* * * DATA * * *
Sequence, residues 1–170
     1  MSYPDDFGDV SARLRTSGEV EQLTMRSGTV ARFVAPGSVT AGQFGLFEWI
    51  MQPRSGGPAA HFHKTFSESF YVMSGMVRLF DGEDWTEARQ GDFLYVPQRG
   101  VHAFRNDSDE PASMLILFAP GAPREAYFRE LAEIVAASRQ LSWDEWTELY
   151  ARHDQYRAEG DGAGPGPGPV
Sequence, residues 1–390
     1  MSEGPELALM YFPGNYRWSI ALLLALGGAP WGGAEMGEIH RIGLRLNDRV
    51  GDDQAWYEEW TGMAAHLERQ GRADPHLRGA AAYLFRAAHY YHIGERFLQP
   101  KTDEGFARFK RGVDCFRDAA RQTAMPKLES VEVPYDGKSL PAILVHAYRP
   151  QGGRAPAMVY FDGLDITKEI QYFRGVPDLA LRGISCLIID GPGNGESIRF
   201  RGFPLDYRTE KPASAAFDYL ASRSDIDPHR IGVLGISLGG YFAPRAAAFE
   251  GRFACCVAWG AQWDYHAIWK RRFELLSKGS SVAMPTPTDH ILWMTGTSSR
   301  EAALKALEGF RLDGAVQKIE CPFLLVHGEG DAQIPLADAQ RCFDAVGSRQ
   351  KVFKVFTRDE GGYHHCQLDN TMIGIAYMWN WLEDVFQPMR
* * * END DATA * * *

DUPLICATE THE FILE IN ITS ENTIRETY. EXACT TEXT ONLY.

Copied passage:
Sequence, residues 1–170
     1  MSYPDDFGDV SARLRTSGEV EQLTMRSGTV ARFVAPGSVT AGQFGLFEWI
    51  MQPRSGGPAA HFHKTFSESF YVMSGMVRLF DGEDWTEARQ GDFLYVPQRG
   101  VHAFRNDSDE PASMLILFAP GAPREAYFRE LAEIVAASRQ LSWDEWTELY
   151  ARHDQYRAEG DGAGPGPGPV
Sequence, residues 1–390
     1  MSEGPELALM YFPGNYRWSI ALLLALGGAP WGGAEMGEIH RIGLRLNDRV
    51  GDDQAWYEEW TGMAAHLERQ GRADPHLRGA AAYLFRAAHY YHIGERFLQP
   101  KTDEGFARFK RGVDCFRDAA RQTAMPKLES VEVPYDGKSL PAILVHAYRP
   151  QGGRAPAMVY FDGLDITKEI QYFRGVPDLA LRGISCLIID GPGNGESIRF
   201  RGFPLDYRTE KPASAAFDYL ASRSDIDPHR IGVLGISLGG YFAPRAAAFE
   251  GRFACCVAWG AQWDYHAIWK RRFELLSKGS SVAMPTPTDH ILWMTGTSSR
   301  EAALKALEGF RLDGAVQKIE CPFLLVHGEG DAQIPLADAQ RCFDAVGSRQ
   351  KVFKVFTRDE GGYHHCQLDN TMIGIAYMWN WLEDVFQPMR